Grateful Dead Honor Bill Walton: ‘World’s Greatest Deadhead’

Remaining members The Grateful Dead paid tribute to NBA Hall of Famer and beloved Deadhead Bill Walton, who died of cancer on Monday at the age of 71.

A branch of the band is Ted & Company issued a statement On social media, she wrote, “Bill was an irreplaceable force and spirit in our family. Father Time, Rhythm Devil, the greatest Deadhead. Over 1,000 shows and can’t get enough. He loved this band and we loved him.

Bob Weir, Mickey Hart and Bill Kreutzman wrote their heartfelt reports. “Yo Bill, thanks for the ride,” the player wrote, posting photos with the athlete. “Thank you for the amazing friendship, the years of color commentary — and the Hall of Fame you wore like headlights.”

Both drummers wrote lengthy tributes, with Hart describing Walton as “the best friend I ever had,” along with a photo of the two laughing together. “He called himself the luckiest man in the world, but we were lucky — to know him, to share the adventure with him,” he said. “He was the world’s biggest Deadhead and used our music as the soundtrack to his life. After our shows, he would often send messages saying, ‘Thank you for my life. … There are things you can change. Others you can’t. Bon Voyage, old friend, I love you.

Meanwhile, Kreutzmann revealed He has “incredible” stories about Walton, which he promises to share after Walton’s death. “It’s not too late, because before we can laugh, we must first allow ourselves to cry,” he wrote. “Damn it. It is a day of mourning.

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“In many ways, he was our first fan … but Bill would have taken issue with that ranking because he won so many awards during his storied basketball career — including the MVP — that Bill insisted the Grateful Dead was not a competition — and that all the dead are equal,” he added. said. “Whenever I play, there’s always a hole where there should be a seat, about ten rows back, in the middle, where Bill stands, eyes closed, hands up, and he feels himself running to the music. It was a happy place for him, seeing him there. Mine… I loved Bill Walton. As we say in the land of the dead: May the four winds send him home safely.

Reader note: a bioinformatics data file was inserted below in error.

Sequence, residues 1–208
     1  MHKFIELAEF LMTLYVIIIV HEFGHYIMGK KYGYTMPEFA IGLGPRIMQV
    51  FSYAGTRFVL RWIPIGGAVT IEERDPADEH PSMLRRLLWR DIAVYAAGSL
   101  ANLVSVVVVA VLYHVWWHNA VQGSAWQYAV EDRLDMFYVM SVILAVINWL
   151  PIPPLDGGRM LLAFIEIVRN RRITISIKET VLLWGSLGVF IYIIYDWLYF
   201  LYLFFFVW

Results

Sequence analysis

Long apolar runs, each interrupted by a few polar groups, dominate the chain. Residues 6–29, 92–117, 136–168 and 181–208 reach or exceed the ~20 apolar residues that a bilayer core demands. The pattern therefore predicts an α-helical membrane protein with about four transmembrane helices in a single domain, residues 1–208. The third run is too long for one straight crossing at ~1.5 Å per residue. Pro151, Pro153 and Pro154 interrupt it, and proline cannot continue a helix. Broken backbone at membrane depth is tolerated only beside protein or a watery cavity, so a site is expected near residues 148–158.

John Mayer, who joined the extended Grateful Dead family as a member of the offshoot group Dead and Company, shared a tribute, writing that Walton “lived a life that the rest of us might reach for our second (or) third) round. He had an eye for the things that really mattered, the vision. We already know better than to lose, but one of Bill’s best skills is to make him stand up in bed and see the light in his life where he refuses to break eye contact.

Meyer thanks Walton for helping him find his place in the Grateful Dead universe. Noting the “steep” climb to acceptance in that rarefied realm, Meyer said Walton “gave her a huge lift with his kindness, his encouragement and his friendship.”

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“He will be deeply missed, but his approach to life will never be forgotten,” the mayor concluded. “When times are tough, I think it’s good advice if you play Bill Walton and it’s all right.”

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This story was updated 5/28/24 @ 2:02 pm with a report from John Mayer.

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